What is next in Project-Based Learning - listen to what Thom has to say above.
Dan talks with the godfather of PBL – Thom Markham who reveals where project-based learning should be headed and remarkably it is also where it has come from. This is a great listen if you are keen to discover more about PBL and what it can do for your students.
Thom Markham the Godfather of PBL reveals he next steps in PBL by Daniel Jackson is licensed under a Creative Commons Attribution-NonCommercial-ShareAlike 4.0 International License.
7 Steps for Qulity PBL
- Finding an authentic challenge a good problem to be solved
- Driving question
- Decide what they do at the end
- Assess the project – determine whether it is good
- High-quality performance rubrics (know and do)
- Deep explicit rubrics exactly what students need to do
- Teaching and learning activities – set the project and get ideas from the students
- Turn students lose on the doing – Team learning (teamwork, accountability, responsibility, doing work, drafts and revision, design thinking)
- Showcase or present (Mastery Level) – a higher level of problem-solving and mastery of the discipline
The next step for PBL helps to create lifelong learners
A focus on human development “strengths-focused or strengths-based approach”
- Individual growth,
- Developing wellbeing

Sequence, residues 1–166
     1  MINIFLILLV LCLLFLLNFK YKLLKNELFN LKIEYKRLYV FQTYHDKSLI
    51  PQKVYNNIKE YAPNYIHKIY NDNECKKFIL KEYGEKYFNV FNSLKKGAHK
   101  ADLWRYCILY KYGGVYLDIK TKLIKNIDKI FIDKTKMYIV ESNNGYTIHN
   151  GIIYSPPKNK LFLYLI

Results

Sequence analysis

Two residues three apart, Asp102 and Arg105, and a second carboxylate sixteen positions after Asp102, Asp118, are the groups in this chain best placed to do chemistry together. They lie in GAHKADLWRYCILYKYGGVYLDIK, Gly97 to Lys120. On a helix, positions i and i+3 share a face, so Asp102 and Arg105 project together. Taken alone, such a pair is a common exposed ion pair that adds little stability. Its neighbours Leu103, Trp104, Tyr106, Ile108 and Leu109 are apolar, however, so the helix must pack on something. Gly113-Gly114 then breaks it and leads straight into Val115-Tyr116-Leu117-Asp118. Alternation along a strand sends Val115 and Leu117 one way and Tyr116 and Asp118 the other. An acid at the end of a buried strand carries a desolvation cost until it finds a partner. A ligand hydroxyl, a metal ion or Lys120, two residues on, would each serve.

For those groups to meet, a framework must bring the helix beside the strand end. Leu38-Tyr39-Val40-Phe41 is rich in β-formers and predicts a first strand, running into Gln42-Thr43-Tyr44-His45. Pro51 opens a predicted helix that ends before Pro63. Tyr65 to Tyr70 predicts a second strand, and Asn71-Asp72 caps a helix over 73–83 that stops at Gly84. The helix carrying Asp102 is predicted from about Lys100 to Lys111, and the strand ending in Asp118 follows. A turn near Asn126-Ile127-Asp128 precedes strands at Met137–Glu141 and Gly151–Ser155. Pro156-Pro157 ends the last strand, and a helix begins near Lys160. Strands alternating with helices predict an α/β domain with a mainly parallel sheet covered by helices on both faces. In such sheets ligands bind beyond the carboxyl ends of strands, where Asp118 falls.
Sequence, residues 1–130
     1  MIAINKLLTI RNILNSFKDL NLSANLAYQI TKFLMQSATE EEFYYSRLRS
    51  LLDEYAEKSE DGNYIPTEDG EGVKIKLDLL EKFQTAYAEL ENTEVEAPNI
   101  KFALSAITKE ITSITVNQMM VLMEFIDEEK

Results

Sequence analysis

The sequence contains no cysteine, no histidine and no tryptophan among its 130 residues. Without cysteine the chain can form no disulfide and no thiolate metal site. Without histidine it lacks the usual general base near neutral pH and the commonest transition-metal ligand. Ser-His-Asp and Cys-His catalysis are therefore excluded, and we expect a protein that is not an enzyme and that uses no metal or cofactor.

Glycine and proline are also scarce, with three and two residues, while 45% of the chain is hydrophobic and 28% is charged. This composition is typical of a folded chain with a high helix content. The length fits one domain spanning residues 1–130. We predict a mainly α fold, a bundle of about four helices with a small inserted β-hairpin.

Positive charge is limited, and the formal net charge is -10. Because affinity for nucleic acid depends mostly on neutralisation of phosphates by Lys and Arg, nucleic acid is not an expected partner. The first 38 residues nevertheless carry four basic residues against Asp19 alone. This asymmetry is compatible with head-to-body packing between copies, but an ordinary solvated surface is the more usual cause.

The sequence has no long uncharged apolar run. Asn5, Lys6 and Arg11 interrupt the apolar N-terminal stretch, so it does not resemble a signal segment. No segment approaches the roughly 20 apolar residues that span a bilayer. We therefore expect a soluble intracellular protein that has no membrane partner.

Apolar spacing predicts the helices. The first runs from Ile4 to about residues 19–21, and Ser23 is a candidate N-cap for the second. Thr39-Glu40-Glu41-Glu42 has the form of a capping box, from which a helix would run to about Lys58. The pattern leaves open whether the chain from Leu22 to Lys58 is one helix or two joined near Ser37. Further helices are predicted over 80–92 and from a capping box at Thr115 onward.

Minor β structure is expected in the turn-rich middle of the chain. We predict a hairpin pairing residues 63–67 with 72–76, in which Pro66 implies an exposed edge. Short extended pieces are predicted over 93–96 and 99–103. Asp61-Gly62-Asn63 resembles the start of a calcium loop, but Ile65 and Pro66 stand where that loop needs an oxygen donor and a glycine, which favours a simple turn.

- Problem-solving and problem finding
- Self-directed throughout
How do you do this?
- Know your students
- A kind and caring classroom
- Student-teacher partnership for best performance
- Students set goals and objectives, how they want to grow and where they want to get to and reflect upon it
- Rubrics that include curiosity, work ethic and
- NEW curriculum with wellbeing integrated throughout
A Head Heart and Hands Approach
Where to start
- Distinguish between general projects and PBL
- PBL incorporates projects BUT it uses a strong methodology to encourage better outcomes
- Problem questions
- Plung in – design a PBL unit as best you can and learn as you go.
- Get feedback from students etc
- Requires a mind shift.
- Think “What do students need to appreciate about the topic?” – go for wonder and interest
- Ask students, what are they interested in.
- The teacher is the Co-Learner